In another embodiment, the heater element may comprise merely a layer of conductive fibers and may be directly embedded into a surface of the receptacle. However, the surface material of the receptacle must possess sufficient properties to evenly distribute the heat generated by the heater element to the surface of the material and to maintain that heat over an extended period of time. Thermoplastic materials possess dielectric properties and are materials suitable for use in the invention.

The heater element is disposed on part or all of the interior or exterior surface of the food receptacle. The heater is then energized at prescribed intervals and to prescribed temperatures effective to heat the food contained within the receptacle. The heater is preferably used to maintain the temperature of food which has already been heated; however, it is envisioned that the heater may also be used to cook food and to reheat food. The location of the heater may vary according to the particular material and type of heating required.

As stated, in the preferred embodiment the heater is used to maintain the temperature of preheated food, i.e., in food service requiring low to medium temperatures. Low temperatures are those mainly used to keep food warm for serving purposes. Medium temperatures are conditions necessary for hot beverages, steam baths, or similar foods. The heating element is excellent for keeping food warm in transport ovens, better known as "warmers." Heating is constant within the unit thus eliminating hot and cold spots which arise in the single location heaters presently used in the art.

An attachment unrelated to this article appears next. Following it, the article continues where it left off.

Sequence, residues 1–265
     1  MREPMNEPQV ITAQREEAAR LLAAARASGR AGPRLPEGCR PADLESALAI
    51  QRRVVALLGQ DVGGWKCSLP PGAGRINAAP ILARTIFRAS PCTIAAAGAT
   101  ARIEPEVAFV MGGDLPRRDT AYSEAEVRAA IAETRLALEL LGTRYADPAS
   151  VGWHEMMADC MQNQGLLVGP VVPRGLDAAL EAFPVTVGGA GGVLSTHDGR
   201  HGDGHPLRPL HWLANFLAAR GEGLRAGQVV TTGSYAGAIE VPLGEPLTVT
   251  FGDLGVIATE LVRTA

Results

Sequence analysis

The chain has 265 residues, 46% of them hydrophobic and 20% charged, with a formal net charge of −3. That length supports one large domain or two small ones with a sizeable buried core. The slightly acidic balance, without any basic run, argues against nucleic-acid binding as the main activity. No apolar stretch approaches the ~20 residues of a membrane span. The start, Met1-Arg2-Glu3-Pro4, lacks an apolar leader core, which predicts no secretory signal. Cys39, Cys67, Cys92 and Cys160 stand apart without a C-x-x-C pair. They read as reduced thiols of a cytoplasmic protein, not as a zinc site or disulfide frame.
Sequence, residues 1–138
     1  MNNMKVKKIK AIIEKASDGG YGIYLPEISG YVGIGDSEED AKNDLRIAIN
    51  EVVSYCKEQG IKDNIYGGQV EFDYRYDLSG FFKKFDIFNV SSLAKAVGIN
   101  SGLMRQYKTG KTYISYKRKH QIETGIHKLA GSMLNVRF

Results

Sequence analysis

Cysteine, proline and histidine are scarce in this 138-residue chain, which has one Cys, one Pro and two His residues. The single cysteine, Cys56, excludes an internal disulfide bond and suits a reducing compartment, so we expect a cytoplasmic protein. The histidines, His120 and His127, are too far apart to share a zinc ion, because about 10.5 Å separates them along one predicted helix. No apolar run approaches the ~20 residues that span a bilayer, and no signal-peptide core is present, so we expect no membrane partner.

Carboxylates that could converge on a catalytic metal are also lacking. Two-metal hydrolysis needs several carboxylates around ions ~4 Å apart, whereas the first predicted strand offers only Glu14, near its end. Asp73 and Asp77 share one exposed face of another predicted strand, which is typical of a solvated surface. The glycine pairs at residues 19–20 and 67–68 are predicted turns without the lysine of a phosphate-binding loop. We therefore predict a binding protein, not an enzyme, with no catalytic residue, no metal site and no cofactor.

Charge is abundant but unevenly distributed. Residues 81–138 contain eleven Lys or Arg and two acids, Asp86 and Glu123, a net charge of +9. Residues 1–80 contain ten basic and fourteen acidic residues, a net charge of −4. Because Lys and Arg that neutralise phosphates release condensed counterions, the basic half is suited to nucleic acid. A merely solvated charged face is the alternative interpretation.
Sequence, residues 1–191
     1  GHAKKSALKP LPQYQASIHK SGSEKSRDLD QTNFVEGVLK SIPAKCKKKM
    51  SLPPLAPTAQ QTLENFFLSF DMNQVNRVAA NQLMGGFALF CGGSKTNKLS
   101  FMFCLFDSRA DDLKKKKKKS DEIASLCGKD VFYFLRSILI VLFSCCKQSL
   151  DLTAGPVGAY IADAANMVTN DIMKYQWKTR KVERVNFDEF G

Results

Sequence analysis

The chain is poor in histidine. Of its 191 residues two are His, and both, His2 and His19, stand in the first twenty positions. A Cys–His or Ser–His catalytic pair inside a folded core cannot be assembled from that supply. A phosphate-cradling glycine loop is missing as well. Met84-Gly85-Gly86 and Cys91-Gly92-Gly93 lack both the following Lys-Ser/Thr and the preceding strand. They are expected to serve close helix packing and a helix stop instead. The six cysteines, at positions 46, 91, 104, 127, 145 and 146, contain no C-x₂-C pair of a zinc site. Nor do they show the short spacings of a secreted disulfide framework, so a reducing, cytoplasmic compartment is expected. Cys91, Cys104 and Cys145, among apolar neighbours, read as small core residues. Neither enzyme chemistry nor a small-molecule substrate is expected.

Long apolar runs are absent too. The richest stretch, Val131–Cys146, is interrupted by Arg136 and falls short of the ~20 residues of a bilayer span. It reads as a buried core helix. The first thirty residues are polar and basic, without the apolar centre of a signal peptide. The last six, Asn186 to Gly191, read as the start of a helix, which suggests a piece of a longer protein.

FIG. 2 depicts one embodiment contemplated by the invention, which is a foam inlaid warmer useful as a heating accessory. The heater element 104 is inlaid within a foam core 118 and disposed near to an inner skin layer 119 of the structure or vessel. An outer skin 120 is further disposed on the outer surface of the foam core 118. A foam inlaid food receptacle warmer of the invention is shown in FIG. 3A and 3B. The receptacle contains the heater element 104 which can be connected to either an AC or a DC power source 10.

The warmer could be pressure formed plastic with foam insulation or a general stainless steel, insulated unit. In the case of the plastic units, encapsulation in the foam or plastic is possible as well as formed-in-place designs. Formed-in-place installations would take place on either side of the inner liner; this includes stainless steel units. The heater may also be a pre-formed panel which can be bonded to the surfaces. An example of such a warmer is a pizza delivery warmer powered by the automobile's 12 volt electrical system, as shown in FIG. 4A and 4B. These units could be small enough to ride in the passenger seat and plug into the cigarette lighter, or large and fit into a truck/van bed with suitable wiring.

Other installations include coffee urns, table warmers for items like pizza, chaffing dishes, and food service carts such as those used in transport systems, for example, airplanes and trains. Methods for heating hot water heating cans, and coffee cup warmers are also contemplated by the invention.

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Referenced by
Citing PatentFiling datePublication dateApplicantTitle
US6281477 *May 12, 2000Aug 28, 2001Pizza Hut, Inc.Pizza delivery bags and methods
US6483087Dec 8, 2000Nov 19, 2002Thermion Systems InternationalThermoplastic laminate fabric heater and methods for making same
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USD732333 *Aug 29, 2013Jun 23, 2015Pierre MercierPizza box oven
U.S. Classification219/387, 219/545, 219/528, 219/544, 219/549
International ClassificationH05B3/36, A47J27/00
Cooperative ClassificationH05B3/36, H05B2203/028, A47J27/004, A47J47/145
European ClassificationA47J47/14A, A47J27/00B, H05B3/36
Legal Events
Jan 28, 1999ASAssignment
Jul 25, 2000CCCertificate of correction
May 8, 2003FPAYFee payment
Year of fee payment: 4
May 9, 2007FPAYFee payment
Year of fee payment: 8
Jun 13, 2011REMIMaintenance fee reminder mailed
Nov 9, 2011LAPSLapse for failure to pay maintenance fees
Dec 27, 2011FPExpired due to failure to pay maintenance fee
Effective date: 20111109